Saudi Arabia Sentences Aid Worker to 20 Years

Varsha Koduvayur

Saudi Arabia last week sentenced Abdulrahman al-Sadhan, a 37-year-old aid worker for the Saudi Red Crescent, to 20 years of imprisonment followed by a 20-year travel ban for tweets criticizing the government, highlighting Saudi Arabia’s continuing crackdown on rights activists. The sentencing comes as Democrats in Washington are pushing to punish Saudi Arabia – and Crown Prince Mohammed bin Salman – for its human rights record and the 2018 murder of Jamal Khashoggi.

Sadhan was first arrested in March 2018 and was held for two years without being allowed to communicate with his family. In February 2020, he was permitted one call home but was denied any further contact until February 2021, when authorities falsely informed him he would not face charges and would be released soon. Sadhan was then brought before the Specialized Criminal Court (SCC) in March and sentenced on April 5.

Sadhan’s case is part of a recent uptick in Saudi convictions of human rights activists. In February, the SCC sentenced six activists to multi-year prison terms. Mohammed al-Rabiah, an activist who supported women drivers, was arrested in May 2018 and faces the prospect of a 20-year sentence. In March, the SCC denied an appeal for a modified sentence for prominent rights activist Loujain al-Hathloul, who is currently facing a five-year travel ban and three years of probation. All three activists say they were tortured by Saudi authorities.

President Joe Biden has vowed to recalibrate, but not rupture, the U.S.-Saudi relationship. The alliance remains vital for several reasons – including pushing back against Iran, countering Chinese encroachment in the Gulf, balancing global energy markets, and expanding Arab-Israeli peace. In late February, the Biden administration declassified the CIA’s report on Khashoggi’s murder and imposed visa restrictions on 76 individuals for threatening Saudi dissidents abroad. The administration also halted some weapons sales to the kingdom and ended U.S. support for offensive operations in Yemen, where Saudi Arabia has waged a six-year-long war to oust the Iran-backed Houthi rebels.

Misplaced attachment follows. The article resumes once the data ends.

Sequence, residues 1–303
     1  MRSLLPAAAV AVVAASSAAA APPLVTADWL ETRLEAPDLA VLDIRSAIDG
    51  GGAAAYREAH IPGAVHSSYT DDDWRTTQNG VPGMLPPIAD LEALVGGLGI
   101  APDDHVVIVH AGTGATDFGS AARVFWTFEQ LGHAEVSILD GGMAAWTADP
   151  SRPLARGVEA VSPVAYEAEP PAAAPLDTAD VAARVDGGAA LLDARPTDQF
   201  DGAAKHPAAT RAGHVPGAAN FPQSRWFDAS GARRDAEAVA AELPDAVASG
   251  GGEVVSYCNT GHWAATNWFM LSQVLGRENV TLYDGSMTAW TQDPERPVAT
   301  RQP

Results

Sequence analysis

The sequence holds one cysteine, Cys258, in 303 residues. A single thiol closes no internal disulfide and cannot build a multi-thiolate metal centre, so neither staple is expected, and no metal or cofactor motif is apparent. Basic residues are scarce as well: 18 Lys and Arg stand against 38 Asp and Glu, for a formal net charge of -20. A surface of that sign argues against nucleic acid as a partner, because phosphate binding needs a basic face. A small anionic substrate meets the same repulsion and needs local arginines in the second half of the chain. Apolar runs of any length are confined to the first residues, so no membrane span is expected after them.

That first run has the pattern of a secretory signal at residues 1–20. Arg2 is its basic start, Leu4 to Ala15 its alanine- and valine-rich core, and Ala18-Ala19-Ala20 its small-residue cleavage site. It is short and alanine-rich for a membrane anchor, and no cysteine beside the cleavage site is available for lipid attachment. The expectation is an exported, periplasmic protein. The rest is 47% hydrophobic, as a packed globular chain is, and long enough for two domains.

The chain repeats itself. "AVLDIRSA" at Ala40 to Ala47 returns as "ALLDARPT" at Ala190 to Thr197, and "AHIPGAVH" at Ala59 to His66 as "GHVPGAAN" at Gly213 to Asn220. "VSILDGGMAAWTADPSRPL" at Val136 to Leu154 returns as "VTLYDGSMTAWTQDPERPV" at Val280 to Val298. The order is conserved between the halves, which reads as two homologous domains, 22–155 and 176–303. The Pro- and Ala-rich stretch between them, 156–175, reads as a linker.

While Saudi officials are reeling from these moves, some U.S. lawmakers view them as insufficient. Last month, three Democratic lawmakers introduced a bill that would ban Mohammed bin Salman from entering the United States, claiming Biden’s actions on Khashoggi did not go far enough. A recent letter signed by 76 legislators called on the administration to “publicly pressure Saudi Arabia” to lift its blockade on Yemen.

To quell the diplomatic firestorm, Saudi Arabia should commit to more significant human rights reforms. A good start would be to release all rights activists and prisoners of conscience, including Raif Badawi, who has endured eight years of imprisonment – and 50 lashes – for expressing his opinions by blogging. The kingdom should also repeal the travel bans, probation periods, and other unfair limitations it has imposed on released detainees. Additionally, Riyadh should overturn the draconian sentence and sham charges levied against Abdulrahman al-Sadhan.

U.S.-Saudi ties are at a crossroads. Congressional calls for Biden to further weaken this relationship will only grow if Saudi Arabia does not take these steps. Whether Riyadh will acquiesce under pressure remains to be seen. But a halt to the brutal treatment of rights activists is consistent with reforms that Saudi Arabia has already committed to fulfill. This should be Washington’s message, particularly as tensions continue to soar.

Varsha Koduvayur is a senior research analyst at the Foundation for Defense of Democracies (FDD), where she focuses on the Persian Gulf. For more analysis from Varsha and FDD, please subscribe HERE. Follow Varsha on Twitter @varshakoduvayur. Follow FDD on Twitter @FDD. FDD is a Washington, DC-based, nonpartisan research institute focusing on national security and foreign policy.

Courtesy: (FDD)